Butter, traditionally, is yellow, a color ideally derived from plant carotene in the milk of grass-fed cows. Margarine, on the other hand, as made in the industrial vat, is white, the unappetizing shade of grade-school paste. Margarine manufacturers, to better appeal to the public, wanted to tint their product yellow; butter producers objected, claiming that yellow margarine, fraudulently masquerading as butter, was a deliberate ploy to deceive the public. (Butter from corn-fed cows is also anemically pale, and is routinely dyed to turn it an attractive butter-yellow; this practice, however, butter makers argued, was simply a cosmetic tweak.)
By 1902, 32 states had imposed color constraints on margarine. Vermont, New Hampshire, and South Dakota all passed laws demanding that margarine be dyed an off-putting pink; other states proposed it be colored red, brown, or black. The “pink laws” were overturned by the Supreme Court (on the grounds that it’s illegal to enforce the adulteration of food) but the ban on yellow margarine remained. (The last hold-out, Wisconsin, only repealed its margarine-color law in 1967.)
In the cash-strapped days of the Depression and during the butter shortages of World War II, however, margarine inexorably began to bypass butter. This was helped along by improvements in the manufacturing process–margarine was now made from hydrogenated vegetable oils rather than animal fats–and by a clever side-step of the yellow ban in which white margarine was sold with an included capsule of yellow food coloring. Buyers simply squished the two together to produce a nicely butter-colored non-butter spread. (Though not in Wisconsin, where using yellow margarine was a crime, punishable by fines or imprisonment.) Eleanor Roosevelt (in New York) promoted it, claiming that she ate margarine on her toast. By the 1970s, Americans were eating about ten pounds of margarine per person per year.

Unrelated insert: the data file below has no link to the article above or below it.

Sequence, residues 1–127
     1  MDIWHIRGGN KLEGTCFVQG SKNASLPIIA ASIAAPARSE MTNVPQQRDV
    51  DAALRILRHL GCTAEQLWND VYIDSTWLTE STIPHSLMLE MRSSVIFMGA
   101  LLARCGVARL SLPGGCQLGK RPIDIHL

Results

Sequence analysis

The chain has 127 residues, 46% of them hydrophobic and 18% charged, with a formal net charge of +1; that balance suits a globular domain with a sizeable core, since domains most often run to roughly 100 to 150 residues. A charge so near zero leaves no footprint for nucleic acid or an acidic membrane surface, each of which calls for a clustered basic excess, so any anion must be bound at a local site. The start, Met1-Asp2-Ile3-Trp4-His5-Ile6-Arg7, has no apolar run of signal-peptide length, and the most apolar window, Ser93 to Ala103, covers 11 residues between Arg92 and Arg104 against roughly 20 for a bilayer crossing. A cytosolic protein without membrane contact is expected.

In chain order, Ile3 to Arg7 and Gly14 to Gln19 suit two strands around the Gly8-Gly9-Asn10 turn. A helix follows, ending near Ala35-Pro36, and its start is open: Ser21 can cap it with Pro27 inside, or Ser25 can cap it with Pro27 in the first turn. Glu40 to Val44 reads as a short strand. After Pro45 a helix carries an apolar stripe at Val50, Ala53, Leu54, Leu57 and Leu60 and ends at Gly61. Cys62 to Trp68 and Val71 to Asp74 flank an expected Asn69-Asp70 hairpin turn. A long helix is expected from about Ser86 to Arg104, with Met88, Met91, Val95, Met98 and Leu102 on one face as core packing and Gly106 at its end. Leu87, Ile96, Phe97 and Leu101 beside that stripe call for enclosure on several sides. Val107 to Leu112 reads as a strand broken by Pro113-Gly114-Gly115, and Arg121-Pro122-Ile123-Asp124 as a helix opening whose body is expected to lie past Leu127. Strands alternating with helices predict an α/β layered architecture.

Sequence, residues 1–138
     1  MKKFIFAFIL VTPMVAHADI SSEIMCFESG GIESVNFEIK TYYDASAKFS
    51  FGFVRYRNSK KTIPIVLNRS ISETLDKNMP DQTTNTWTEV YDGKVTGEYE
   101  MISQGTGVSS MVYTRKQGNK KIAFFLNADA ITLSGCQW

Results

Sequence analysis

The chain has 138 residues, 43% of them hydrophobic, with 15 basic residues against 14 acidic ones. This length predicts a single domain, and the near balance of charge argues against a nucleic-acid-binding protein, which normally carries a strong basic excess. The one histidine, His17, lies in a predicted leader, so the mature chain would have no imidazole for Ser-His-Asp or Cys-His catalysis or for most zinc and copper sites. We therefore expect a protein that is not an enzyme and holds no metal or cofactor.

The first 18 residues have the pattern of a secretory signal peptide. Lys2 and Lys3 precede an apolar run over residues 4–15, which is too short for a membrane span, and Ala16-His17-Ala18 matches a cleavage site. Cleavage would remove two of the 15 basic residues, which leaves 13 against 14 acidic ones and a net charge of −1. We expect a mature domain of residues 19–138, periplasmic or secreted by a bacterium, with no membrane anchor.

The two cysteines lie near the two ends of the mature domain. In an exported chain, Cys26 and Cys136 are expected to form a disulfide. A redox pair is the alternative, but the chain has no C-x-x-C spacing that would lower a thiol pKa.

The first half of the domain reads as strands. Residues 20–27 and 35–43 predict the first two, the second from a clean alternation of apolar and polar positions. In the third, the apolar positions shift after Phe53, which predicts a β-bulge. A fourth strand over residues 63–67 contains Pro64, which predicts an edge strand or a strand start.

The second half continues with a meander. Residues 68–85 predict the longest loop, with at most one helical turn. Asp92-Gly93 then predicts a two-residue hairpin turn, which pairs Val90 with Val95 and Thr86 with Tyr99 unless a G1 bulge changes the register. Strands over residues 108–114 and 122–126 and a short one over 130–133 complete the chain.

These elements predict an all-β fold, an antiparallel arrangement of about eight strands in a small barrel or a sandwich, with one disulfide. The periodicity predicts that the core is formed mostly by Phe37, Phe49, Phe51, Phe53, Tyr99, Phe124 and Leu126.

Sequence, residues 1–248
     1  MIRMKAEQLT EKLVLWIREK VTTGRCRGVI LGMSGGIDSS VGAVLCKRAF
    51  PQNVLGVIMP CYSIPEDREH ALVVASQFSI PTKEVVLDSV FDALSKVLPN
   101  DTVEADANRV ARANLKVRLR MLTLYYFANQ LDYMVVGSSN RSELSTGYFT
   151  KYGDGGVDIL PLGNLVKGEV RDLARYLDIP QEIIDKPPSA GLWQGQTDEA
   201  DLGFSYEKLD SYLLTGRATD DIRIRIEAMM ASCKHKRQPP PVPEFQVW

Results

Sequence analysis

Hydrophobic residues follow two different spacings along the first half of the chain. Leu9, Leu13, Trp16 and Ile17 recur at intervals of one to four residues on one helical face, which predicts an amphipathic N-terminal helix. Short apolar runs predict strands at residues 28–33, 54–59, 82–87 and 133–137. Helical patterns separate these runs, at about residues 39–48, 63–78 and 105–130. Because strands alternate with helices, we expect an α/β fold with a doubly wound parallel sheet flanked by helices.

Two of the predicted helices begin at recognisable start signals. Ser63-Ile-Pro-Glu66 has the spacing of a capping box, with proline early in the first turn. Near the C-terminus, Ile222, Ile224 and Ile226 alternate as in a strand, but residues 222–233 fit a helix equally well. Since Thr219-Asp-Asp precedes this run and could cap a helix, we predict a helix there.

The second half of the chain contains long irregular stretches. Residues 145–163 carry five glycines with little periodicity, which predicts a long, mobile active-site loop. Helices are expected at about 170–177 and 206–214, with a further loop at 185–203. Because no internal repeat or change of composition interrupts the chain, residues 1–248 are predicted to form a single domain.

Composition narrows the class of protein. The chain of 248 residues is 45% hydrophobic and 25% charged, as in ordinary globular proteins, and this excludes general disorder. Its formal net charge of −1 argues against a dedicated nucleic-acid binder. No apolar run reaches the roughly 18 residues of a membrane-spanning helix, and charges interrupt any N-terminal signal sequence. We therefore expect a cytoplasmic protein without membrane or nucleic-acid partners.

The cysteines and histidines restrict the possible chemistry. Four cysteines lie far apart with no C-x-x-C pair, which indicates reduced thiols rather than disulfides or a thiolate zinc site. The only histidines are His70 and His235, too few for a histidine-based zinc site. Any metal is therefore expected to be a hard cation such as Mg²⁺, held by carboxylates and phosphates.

Eleanore Roosevelt promoted margarine on a television commercial in 1959.
Margarine may also have received some additional oomph from the famous Wisconsin senatorial taste test of 1955, in which senators, blindfolded, were challenged to tell the difference between butter and margarine. Good Wisconsinites all, most weren’t fooled–except, famously, the vociferously pro-butter Gordon Roselip, who preferred the margarine, insisting that it was butter. It turned out later that Roselip’s wife, worried about her husband’s heart, had for years been sneakily substituting (illegal) yellow margarine for butter at the Senator’s dinner table.
In the seemingly unending duel between butter and margarine, butter is winning the latest round: as of 2014, butter had surpassed margarine as America’s favorite spread. We’re now each eating on average 5.6 pounds of butter a year, as opposed to a dwindling 3.5 pounds of margarine. New evidence has shown that the trans fats in margarine may be worse for us health-wise than the saturated fats in butter. There’s also the upswing in the public’s preference for natural foods in favor of processed products—and a lot of people say that real butter just plain tastes better.
In terms of butter, it seems that what goes around, eventually comes around. This may be true for margarine too. In 2002—over three decades after the last margarine color ban was lifted—Parkay produced a new margarine in a “Fun Squeeze” bottle. It came in two colors. One of them was pink.
This story is part of National Geographic’s special eight-month Future of Food series.
- Strey, Gerry. “The Oleo Wars: Wisconsin’s Fight over the Demon Spread.” Wisconsin Magazine of History, Autumn 2001.
- Young, Adam. “The War on Margarine.” Foundation for Economic Education, June 2002.